PORT-AU-PRINCE, HaitiOutgunned, undermanned and blamed for some of the country’s violence, Haitian police are under pressure to mend decades of mistrust before elections next fall that many people fear are destined for bloodshed.
The United States and United Nations have repeatedly tried and failed to build an evenhanded police force over the years, and offered help again last year after rebels ousted President Jean-Bertrand Aristide during a three-week revolt.
But Haitians, who have seen a string of governments use the police as brutal enforcers, say officers still operate above the law, targeting opponents and using trigger-happy tactics. Violence has come in waves since September, with some 400 civilians and 25 police slain, according to the National Coalition for Haitian Rights and an Associated Press count.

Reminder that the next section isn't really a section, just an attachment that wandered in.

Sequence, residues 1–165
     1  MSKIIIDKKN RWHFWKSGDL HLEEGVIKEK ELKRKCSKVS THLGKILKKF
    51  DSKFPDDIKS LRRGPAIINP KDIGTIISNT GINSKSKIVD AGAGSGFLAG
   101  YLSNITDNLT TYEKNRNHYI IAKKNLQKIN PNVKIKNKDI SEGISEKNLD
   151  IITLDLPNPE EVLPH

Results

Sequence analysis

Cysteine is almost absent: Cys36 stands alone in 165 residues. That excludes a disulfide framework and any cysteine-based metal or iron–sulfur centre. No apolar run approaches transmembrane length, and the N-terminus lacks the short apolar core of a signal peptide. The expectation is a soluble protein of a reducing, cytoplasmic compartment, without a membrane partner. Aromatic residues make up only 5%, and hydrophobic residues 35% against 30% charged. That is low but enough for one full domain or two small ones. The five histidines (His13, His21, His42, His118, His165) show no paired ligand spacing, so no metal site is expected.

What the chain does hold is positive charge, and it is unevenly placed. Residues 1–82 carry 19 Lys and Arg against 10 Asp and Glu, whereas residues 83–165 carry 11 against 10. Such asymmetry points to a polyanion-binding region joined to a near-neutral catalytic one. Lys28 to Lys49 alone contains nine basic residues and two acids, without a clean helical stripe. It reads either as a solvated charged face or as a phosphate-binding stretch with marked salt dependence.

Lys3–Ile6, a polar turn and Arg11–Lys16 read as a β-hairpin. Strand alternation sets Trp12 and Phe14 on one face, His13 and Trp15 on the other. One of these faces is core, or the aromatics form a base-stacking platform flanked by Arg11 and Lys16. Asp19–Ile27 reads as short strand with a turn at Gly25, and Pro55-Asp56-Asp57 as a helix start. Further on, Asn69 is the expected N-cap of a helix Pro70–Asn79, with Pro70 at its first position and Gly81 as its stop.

On Monday, five officers trying to block unarmed protesters escorted by U.N. peacekeepers fired tear gas, then bullets, into a crowd of hundreds. When the shooting ended, two men lay dead in the street. “Police could have hit us by shooting that way,” a Brazilian peacekeeper complained.
In one incident, 10 young people were killed Oct. 26 in what witnesses said was a police raid in Fort National, a district neighboring Bel Air.
Luc Francois, the 65-year-old father of one of the dead, said no authorities had questioned about the incident. Witnesses to the raid also said they had never been contacted.
“We’re scared to complain. If you complain, your house gets burned down and you have to flee,” Francois said.